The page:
In the book “College Unbound,” author Jeff Selingo observes that if online dating sites can “help two people fall in love based on a short questionnaire, we should be able to design a better method for matching students with colleges.”
Selingo’s observation highlights one of the biggest challenges that higher institutions face today: recruiting the right students. A 2014 survey of admissions directors conducted by Inside Higher Ed found that a majority did not meet their admissions goals by May of last year, and 79% of those surveyed said they’re concerned about meeting them this year, too. “The key issue is attracting enough suitable applicants (and those who will accept admissions offers), not sifting through hundreds of qualified applicants per spot,” reports Inside Higher Ed.
Meanwhile, the average cost of recruiting just one undergraduate at a private, four-year college exceeds $2,400. A college may spend this money even when a student chooses to go somewhere else, or accepts but doesn’t complete a degree—perhaps because it wasn’t a good match from the beginning.
It’s a big problem, and the only way it can be solved is with better data. In conversations with both customers and prospective customers, we’ve heard time and again about the pressures school administrators face to back up their decisions with good information, and the solution lies in finding ways to use both their own data and external data sources to recruit students. Using a data-driven approach, institutions can better target and recruit students that are more likely to accept their admissions offers and persist at institutions to achieve their desired academic outcomes, whether it be a professional certificate or a four-year degree.
Our Workday Student team is constantly thinking about the power of data and the best and easiest ways to get it into the hands of higher education. Workday Student Recruiting, which became available last year, helps our customers leverage data to better create and manage recruiting campaigns and strategies, and also analyze their spend on campaigns. They can use it to gauge campaign effectiveness based on quantifiable data about specific targeted students, and then track progress against their institutions’ strategic objectives.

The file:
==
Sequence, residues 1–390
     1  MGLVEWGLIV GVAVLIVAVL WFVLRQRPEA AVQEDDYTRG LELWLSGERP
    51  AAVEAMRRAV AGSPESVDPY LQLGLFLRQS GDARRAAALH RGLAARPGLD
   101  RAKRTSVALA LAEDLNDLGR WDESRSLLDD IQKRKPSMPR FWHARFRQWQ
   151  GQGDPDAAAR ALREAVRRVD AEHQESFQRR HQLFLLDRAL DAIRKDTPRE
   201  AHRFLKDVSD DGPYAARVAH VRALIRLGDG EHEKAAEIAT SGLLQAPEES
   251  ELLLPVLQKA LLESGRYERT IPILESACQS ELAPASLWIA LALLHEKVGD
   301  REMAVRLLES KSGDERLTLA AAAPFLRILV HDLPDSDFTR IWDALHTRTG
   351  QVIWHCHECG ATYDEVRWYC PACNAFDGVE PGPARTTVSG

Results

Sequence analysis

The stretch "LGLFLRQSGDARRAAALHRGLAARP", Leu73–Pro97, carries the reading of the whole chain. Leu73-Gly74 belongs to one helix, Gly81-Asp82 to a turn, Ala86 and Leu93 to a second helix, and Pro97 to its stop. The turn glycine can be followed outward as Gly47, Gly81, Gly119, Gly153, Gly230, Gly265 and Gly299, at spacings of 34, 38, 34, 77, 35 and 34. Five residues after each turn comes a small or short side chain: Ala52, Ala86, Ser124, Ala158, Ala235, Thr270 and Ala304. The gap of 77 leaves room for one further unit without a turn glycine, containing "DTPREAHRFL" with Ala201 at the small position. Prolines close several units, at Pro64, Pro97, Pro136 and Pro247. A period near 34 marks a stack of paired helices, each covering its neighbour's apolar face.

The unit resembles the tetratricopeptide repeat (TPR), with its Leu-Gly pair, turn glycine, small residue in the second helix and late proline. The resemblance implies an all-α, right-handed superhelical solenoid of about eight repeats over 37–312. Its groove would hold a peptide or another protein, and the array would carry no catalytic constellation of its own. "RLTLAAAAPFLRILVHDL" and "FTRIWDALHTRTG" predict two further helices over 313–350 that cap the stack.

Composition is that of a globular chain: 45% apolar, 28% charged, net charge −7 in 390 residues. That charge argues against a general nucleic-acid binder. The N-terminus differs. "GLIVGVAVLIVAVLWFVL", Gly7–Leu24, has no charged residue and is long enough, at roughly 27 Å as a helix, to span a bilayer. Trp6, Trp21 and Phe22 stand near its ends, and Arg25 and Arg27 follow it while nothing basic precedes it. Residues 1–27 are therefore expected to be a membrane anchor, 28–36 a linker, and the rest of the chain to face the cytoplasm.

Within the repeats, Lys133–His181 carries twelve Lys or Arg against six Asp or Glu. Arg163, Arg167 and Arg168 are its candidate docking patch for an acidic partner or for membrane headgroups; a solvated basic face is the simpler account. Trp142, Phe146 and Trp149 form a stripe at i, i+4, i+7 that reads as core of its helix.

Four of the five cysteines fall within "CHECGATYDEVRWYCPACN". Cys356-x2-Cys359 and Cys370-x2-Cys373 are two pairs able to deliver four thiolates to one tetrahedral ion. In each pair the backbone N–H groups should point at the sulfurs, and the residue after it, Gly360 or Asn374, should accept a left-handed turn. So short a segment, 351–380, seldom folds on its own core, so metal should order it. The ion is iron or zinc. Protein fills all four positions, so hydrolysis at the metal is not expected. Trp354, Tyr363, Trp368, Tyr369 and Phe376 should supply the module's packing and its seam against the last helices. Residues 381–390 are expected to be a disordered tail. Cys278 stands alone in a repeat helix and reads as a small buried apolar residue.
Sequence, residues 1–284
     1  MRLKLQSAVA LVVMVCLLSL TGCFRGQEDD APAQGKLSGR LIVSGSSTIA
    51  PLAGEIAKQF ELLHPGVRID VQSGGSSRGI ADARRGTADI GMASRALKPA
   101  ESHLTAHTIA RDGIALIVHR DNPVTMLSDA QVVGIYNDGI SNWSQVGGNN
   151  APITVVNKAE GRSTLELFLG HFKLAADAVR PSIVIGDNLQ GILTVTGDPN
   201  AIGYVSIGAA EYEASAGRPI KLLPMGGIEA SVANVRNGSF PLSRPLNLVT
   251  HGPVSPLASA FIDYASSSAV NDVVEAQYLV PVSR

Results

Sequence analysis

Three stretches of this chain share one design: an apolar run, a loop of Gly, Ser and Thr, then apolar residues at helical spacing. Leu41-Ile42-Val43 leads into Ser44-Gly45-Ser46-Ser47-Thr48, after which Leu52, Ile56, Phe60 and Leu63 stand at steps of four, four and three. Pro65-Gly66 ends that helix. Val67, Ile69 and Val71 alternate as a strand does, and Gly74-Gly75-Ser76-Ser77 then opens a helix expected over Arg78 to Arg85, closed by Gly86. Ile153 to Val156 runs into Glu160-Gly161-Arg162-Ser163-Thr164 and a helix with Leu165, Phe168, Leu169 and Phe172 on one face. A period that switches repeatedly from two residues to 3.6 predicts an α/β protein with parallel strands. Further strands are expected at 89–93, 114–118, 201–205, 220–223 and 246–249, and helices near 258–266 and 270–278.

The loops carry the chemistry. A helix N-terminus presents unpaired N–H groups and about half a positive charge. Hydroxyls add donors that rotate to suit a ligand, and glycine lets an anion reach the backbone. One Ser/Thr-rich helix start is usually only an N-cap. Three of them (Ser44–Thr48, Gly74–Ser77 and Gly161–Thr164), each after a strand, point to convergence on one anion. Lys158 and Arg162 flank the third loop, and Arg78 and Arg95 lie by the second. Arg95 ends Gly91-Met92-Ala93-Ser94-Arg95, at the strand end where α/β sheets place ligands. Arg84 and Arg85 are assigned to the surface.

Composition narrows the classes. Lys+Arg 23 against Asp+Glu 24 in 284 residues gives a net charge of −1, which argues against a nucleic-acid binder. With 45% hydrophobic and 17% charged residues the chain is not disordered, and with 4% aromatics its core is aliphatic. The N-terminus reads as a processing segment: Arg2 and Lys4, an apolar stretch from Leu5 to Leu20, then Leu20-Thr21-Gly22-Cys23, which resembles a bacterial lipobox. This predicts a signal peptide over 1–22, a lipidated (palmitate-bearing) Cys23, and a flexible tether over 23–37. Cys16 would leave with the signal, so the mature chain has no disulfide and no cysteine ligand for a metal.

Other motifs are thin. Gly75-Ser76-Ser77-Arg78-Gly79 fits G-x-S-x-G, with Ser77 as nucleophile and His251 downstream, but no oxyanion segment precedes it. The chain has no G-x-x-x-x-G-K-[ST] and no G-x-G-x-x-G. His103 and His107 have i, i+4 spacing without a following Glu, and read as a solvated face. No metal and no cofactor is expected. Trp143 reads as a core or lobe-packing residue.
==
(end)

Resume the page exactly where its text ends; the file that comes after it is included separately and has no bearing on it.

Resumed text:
We’re continuing to do a lot of work in this area to help customers solve recruitment challenges and meet admissions goals, by gaining insights from the historical data in their student systems combined with data from admissions applications and outside sources, such as the National Student Clearinghouse. With this robust information, an institution could answer a variety of questions about the students it’s been recruiting and those who are successful at its institution. For example: What’s the average GPA or academic index of successful students? Where are they coming from? How much is it costing to reach them? Institutions could then use all these data points to start targeting the right students—maybe it’s women for their STEM programs or piano prodigies for their music departments—as well as to determine who is most likely to persist and succeed in their programs. This is exciting stuff we’ve been working on, and I’m looking forward to sharing more about it in the near future.
Modern technology approaches, including advanced analytics capabilities, are essential for helping institutions make sure they are pursuing the right students based on cultural fit, students’ goals, and institutional objectives. The more institutions succeed at finding these meant-to-be students, the more they’ll be able to make a difference across the entire spectrum of institutional and student success, from recruitment and revenue to student satisfaction and job placement.